At the limits of justice: Women of colour theorize terror
The fear and violence that followed the events of September 11, 2001 touched lives all around the world, even in places that few would immediately associate with the global war on terror. In At the Limits of Justice, twenty-nine contributors from six countries explore the proximity of terror in their own lives and in places ranging from Canada and the United States to Jamaica, Palestine/Israel, Australia, Guyana, Chile, Pakistan, and across the African continent.
In this collection, female scholars of colour - including leading theorists on issues of indigeneity, race, and feminism - examine the political, social, and personal repercussions of the war on terror through contributions that range from testimony and poetry to scholarly analysis. Inspired by both the personal and the global impact of this violence within the war on terror, they expose the way in which the war on terror is presented as a distant and foreign issue at the same time that it is deeply present in the lives of women and others all around the world.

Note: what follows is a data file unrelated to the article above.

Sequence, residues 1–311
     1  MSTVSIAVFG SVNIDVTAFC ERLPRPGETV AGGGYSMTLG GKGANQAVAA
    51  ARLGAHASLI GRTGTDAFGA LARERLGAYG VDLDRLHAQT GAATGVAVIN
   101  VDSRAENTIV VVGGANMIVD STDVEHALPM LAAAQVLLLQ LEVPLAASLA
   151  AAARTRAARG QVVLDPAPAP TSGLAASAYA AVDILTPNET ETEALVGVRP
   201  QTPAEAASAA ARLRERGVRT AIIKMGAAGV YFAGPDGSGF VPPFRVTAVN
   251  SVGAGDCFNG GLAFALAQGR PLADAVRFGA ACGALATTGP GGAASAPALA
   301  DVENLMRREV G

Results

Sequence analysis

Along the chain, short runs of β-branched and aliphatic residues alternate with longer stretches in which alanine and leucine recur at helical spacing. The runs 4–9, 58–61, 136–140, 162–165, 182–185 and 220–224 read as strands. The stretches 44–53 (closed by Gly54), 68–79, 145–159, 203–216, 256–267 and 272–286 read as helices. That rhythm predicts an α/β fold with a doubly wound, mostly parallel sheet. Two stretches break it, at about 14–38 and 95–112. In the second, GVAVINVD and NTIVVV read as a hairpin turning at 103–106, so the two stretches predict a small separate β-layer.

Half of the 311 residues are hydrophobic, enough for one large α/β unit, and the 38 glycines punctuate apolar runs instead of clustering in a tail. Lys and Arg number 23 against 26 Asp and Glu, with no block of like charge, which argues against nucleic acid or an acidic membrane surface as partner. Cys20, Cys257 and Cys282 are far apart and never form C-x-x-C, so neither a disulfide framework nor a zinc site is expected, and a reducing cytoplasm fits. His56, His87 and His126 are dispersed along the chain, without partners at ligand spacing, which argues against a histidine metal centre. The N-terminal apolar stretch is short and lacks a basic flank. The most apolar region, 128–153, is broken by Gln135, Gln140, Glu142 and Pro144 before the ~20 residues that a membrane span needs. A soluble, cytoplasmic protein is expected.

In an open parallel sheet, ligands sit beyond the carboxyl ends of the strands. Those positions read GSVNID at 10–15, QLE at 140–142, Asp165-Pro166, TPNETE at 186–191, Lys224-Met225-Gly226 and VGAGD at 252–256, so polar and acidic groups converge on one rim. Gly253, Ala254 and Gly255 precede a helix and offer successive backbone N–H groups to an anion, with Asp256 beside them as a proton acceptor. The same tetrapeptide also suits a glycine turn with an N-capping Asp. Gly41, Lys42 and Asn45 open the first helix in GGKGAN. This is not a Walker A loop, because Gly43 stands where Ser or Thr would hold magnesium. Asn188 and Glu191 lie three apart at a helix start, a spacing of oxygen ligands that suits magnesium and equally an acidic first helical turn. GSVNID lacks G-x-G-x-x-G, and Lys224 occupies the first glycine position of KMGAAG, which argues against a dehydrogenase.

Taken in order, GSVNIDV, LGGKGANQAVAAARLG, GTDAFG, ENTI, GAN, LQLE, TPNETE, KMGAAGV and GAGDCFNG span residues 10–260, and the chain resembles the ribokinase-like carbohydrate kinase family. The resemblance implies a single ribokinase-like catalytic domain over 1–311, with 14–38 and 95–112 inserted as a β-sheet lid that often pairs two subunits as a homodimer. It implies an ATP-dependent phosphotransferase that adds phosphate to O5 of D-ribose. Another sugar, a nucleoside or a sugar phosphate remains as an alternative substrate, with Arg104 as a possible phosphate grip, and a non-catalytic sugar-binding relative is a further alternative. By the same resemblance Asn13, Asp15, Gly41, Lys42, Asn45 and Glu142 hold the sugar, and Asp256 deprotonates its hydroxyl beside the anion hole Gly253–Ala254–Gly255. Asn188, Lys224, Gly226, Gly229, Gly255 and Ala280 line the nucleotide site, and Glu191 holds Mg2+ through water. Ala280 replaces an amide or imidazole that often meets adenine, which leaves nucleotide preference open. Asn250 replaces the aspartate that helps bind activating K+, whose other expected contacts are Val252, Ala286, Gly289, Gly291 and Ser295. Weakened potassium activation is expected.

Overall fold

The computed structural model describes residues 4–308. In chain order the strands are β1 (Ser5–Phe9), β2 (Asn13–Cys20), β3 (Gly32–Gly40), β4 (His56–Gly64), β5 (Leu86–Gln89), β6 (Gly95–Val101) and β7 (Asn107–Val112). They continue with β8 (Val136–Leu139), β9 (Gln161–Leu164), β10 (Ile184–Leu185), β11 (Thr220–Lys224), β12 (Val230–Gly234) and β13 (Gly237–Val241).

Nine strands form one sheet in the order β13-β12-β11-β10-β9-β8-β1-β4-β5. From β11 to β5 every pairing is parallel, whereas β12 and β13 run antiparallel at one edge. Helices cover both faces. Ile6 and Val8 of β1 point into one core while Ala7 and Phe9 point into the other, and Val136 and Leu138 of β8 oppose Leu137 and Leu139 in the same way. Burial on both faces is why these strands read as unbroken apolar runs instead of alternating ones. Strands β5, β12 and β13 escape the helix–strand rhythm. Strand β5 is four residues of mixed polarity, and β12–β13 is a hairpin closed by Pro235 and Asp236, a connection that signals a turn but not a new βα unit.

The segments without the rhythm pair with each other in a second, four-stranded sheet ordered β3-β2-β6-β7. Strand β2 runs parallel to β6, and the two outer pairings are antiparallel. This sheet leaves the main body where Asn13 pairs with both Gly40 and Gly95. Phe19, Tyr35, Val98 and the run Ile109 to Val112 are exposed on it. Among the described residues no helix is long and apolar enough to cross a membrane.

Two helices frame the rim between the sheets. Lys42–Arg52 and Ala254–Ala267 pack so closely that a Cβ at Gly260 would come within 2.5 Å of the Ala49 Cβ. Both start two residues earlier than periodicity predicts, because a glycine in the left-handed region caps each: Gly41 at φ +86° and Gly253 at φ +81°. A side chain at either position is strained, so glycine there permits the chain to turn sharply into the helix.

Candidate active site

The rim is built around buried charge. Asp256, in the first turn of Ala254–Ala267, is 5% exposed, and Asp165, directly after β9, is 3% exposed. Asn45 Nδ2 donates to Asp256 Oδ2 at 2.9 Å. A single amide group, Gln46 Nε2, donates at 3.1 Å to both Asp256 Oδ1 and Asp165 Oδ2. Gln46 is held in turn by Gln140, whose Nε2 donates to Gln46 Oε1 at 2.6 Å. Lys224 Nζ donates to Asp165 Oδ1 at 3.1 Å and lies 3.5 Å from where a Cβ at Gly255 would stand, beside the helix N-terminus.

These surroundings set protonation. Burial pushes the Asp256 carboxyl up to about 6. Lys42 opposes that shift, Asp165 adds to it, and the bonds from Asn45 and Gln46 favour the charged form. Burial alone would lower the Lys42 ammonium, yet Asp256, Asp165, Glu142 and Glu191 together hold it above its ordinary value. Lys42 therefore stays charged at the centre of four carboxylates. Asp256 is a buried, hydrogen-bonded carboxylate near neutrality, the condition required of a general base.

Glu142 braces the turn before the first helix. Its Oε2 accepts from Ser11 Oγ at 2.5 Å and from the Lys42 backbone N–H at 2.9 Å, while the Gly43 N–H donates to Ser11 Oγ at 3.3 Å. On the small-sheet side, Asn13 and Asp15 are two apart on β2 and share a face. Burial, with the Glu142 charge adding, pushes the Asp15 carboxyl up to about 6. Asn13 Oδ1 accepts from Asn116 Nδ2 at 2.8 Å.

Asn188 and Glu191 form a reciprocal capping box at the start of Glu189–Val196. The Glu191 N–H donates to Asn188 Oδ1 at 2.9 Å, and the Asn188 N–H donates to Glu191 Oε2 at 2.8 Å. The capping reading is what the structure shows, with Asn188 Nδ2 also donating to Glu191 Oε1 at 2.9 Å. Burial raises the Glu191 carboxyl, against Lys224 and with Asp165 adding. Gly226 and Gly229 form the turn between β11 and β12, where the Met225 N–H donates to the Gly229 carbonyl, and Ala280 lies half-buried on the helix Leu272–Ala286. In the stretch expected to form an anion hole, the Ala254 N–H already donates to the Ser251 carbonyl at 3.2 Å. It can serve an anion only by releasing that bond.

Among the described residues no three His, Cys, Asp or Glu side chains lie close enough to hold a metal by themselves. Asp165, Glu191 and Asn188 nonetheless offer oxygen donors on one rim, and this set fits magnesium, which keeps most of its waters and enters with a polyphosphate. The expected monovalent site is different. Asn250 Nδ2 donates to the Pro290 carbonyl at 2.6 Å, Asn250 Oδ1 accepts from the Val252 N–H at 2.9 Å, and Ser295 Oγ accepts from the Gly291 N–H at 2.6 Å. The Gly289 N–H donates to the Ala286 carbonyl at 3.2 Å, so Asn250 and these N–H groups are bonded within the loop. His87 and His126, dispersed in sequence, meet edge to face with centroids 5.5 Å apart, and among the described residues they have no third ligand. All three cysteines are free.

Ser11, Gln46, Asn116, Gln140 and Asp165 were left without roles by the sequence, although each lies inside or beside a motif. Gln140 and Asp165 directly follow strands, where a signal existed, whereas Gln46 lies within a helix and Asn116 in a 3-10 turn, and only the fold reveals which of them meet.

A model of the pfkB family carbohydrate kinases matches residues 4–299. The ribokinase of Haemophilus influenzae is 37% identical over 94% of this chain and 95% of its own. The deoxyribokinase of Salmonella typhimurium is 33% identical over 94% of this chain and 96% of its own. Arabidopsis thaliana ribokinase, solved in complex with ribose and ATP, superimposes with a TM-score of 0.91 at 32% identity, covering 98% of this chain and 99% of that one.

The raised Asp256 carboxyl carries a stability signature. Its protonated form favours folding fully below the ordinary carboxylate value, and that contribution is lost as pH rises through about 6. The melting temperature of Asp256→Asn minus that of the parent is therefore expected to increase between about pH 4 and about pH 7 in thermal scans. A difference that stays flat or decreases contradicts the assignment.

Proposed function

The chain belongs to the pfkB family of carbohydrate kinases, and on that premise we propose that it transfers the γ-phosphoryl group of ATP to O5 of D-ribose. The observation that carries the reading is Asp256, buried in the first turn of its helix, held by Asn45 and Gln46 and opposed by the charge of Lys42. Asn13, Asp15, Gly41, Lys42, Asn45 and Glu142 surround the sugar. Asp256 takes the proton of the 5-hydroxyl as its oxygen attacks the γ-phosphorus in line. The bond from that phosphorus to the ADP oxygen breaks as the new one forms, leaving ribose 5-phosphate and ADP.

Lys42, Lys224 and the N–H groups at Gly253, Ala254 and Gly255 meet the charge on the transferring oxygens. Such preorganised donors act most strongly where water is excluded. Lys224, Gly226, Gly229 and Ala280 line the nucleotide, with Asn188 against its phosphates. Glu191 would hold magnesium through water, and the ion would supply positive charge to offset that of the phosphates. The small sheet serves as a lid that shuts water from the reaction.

Kendra-Ann Pitt is an Assistant Professor at York University’s School of Social Work. Her work explores topics of social justice, mental health, critical disability studies, gender and development studies, and feminist theory.